Gesture Recognition Based on Scratch Inputs Using Atmega644

  1. Contents
  1. Introduction

Our project utilizes a microphone placed in a stethoscope to recognize various gestures when a fingernail is dragged over a surface.
We used the unique acoustic signatures of different gestures on an existing passive surface such as a computer desk or a wall. Our microphone listens to the sound of scratching that is transmitted through the surface material. Our gesture recognition program works by analyzing the number of peaks and the width of these peaks for the various gestures which require your finger to move, accelerate and decelerate in a unique way. We also created a PC interface program to execute different commands on a computer based on what gesture is observed.
We chose this project due to our interest in creating a touch based interface that can easily be used with any computer running Windows. A list of recognized gestures is included in the appendix.

Gesture Recognition Based on Scratch Inputs Using Atmega644

  1. High Level Design

The rationale behind our idea comes from the need for a simple and inexpensive acoustic-based touch interface. Although touch based interfaces, and in turn gesture based commands, have had a meteoric rise in popularity, the cost of touch based interfaces continues to be prohibitively expensive for large surfaces. Even if the cost is reasonable, installing such interfaces on existing hardware may simply be impractical. Furthermore, for many simple gesture based commands, traditional touch based interfaces’ fine resolution is simply unnecessary. The general theory behind our project can be used in many different applications. Our project is based on a paper we read by Harrison and Hudson (“Scratch Input”).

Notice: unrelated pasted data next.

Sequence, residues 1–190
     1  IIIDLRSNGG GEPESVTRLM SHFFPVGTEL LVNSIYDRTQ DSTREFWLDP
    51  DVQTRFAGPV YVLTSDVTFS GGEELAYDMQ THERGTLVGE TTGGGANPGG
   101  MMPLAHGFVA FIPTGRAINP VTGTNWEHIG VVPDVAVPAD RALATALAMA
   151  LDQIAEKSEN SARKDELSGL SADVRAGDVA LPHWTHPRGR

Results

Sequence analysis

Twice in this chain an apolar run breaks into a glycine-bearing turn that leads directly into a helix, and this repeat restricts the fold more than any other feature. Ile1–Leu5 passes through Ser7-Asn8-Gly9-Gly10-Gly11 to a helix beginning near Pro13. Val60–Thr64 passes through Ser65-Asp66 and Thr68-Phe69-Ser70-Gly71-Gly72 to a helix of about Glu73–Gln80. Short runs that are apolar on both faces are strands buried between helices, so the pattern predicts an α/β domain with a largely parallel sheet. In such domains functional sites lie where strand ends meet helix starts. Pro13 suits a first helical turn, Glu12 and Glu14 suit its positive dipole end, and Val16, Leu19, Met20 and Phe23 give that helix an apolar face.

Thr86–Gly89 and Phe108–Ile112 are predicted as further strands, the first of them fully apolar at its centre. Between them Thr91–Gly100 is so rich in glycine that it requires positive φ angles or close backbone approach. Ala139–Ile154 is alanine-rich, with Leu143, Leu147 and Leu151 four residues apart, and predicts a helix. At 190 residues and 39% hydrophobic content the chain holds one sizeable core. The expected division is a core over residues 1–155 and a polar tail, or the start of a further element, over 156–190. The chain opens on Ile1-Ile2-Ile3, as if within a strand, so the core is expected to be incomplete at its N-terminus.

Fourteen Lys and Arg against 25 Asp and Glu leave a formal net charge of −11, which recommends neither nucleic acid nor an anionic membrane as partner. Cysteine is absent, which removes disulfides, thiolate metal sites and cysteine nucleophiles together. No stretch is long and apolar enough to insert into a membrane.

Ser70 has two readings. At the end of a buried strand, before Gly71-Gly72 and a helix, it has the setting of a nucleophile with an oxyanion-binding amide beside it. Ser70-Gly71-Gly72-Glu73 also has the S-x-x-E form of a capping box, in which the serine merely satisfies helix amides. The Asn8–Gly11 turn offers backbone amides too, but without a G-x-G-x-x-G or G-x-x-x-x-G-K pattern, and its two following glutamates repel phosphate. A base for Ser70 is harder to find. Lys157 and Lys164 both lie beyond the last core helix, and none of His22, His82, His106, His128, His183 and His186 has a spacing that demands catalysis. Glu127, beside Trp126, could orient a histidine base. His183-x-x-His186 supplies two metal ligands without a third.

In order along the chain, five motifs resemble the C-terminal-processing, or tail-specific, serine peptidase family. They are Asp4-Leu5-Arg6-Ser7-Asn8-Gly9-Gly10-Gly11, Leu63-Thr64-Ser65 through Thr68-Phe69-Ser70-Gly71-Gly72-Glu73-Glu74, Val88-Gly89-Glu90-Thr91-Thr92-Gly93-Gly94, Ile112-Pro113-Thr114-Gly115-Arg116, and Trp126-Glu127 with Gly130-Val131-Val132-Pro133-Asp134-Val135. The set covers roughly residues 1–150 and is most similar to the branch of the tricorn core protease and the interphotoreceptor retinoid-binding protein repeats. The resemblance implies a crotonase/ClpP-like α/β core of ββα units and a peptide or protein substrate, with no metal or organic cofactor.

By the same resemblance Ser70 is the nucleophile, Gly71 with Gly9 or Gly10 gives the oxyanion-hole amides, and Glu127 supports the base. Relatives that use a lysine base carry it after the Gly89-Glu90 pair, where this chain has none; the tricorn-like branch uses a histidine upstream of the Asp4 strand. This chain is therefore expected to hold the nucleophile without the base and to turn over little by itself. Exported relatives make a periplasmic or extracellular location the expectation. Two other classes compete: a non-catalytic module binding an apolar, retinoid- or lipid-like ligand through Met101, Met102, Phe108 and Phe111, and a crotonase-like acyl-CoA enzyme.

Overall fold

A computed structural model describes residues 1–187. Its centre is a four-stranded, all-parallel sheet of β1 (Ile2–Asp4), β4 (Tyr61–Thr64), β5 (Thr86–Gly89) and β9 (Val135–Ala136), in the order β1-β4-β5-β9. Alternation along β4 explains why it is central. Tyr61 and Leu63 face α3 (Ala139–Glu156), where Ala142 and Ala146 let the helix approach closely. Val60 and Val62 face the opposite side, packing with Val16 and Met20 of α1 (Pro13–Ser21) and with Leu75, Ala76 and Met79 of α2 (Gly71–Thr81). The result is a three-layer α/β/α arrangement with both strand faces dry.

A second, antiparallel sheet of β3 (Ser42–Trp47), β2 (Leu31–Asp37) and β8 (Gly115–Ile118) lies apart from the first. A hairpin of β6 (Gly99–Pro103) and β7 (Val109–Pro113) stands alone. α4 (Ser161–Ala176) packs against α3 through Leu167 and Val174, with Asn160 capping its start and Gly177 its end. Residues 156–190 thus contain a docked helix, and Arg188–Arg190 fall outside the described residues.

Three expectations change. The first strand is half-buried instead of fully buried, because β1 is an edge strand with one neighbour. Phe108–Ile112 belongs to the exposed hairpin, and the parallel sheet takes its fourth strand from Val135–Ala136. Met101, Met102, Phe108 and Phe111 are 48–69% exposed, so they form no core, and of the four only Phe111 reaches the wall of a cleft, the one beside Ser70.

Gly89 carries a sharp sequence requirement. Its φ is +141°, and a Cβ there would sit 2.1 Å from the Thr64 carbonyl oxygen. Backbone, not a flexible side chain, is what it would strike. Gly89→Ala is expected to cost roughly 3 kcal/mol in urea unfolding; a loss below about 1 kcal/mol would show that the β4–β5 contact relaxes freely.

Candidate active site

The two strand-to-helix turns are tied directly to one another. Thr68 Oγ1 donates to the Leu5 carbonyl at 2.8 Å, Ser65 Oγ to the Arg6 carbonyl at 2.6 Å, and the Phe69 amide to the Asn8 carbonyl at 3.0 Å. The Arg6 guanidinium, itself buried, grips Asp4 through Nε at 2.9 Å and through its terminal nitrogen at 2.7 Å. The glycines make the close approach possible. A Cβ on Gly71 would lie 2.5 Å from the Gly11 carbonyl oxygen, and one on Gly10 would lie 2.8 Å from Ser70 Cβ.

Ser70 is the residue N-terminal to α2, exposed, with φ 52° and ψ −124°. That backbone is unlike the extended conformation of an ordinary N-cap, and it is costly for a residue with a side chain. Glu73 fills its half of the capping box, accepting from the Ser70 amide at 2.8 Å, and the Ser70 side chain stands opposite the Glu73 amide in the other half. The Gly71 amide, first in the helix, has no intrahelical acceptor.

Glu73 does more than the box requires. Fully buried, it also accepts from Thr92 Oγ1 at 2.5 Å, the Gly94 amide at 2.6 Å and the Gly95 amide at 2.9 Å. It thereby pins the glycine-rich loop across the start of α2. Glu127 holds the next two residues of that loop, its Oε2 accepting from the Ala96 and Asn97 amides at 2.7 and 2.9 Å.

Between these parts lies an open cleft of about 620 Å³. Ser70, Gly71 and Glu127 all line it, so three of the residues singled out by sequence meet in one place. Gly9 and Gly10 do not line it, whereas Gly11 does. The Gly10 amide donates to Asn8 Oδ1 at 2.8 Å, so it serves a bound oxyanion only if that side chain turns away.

Background Theory
By scratching across a textured surface, a high frequency sound in the 3 kHz range is generated, which is different from most other possible sources of ambient noise. Many simple gestures have unique acoustic signatures because of the need to accelerate and decelerate in a particular fashion. For example, a straight line starts with a single acceleration motion followed by a single deceleration motion. Normally, the faster a gesture is executed, the higher the amplitude and frequency. Gesture recognition can be accomplished by placing a microphone against the textured surface and comparing the received acoustic signal with saved acoustic signatures. Intensity of the gesture can be deduced through the amplitude and frequency of the signal.
Logical Structure
Figure 1 shows a high-level block diagram of all our project’s components. The microphone is used to get input from vibration on a surface. The analog circuit filters and amplifies this input and sends it to the MCU where gesture recognition takes place. Finally, the PC interface software performs specific actions based on the output of the MCU.
Hardware/Software Tradeoffs
Amplitude independent peak detection was initially supposed to be implemented in analog hardware. A hardware peak detector has the advantage of being faster and consuming no memory. Hardware would have been fast enough to incorporate our original idea of using time-of-arrival measurements between two microphones to locate the signals originating position.